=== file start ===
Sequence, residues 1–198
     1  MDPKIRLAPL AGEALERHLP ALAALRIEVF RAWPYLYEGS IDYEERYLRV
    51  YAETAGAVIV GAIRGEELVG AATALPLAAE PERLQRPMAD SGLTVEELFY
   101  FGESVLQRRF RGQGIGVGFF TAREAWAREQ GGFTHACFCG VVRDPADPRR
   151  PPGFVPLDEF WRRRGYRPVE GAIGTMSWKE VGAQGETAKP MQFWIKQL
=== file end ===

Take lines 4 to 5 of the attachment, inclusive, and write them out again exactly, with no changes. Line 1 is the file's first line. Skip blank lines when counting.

   101  FGESVLQRRF RGQGIGVGFF TAREAWAREQ GGFTHACFCG VVRDPADPRR
   151  PPGFVPLDEF WRRRGYRPVE GAIGTMSWKE VGAQGETAKP MQFWIKQL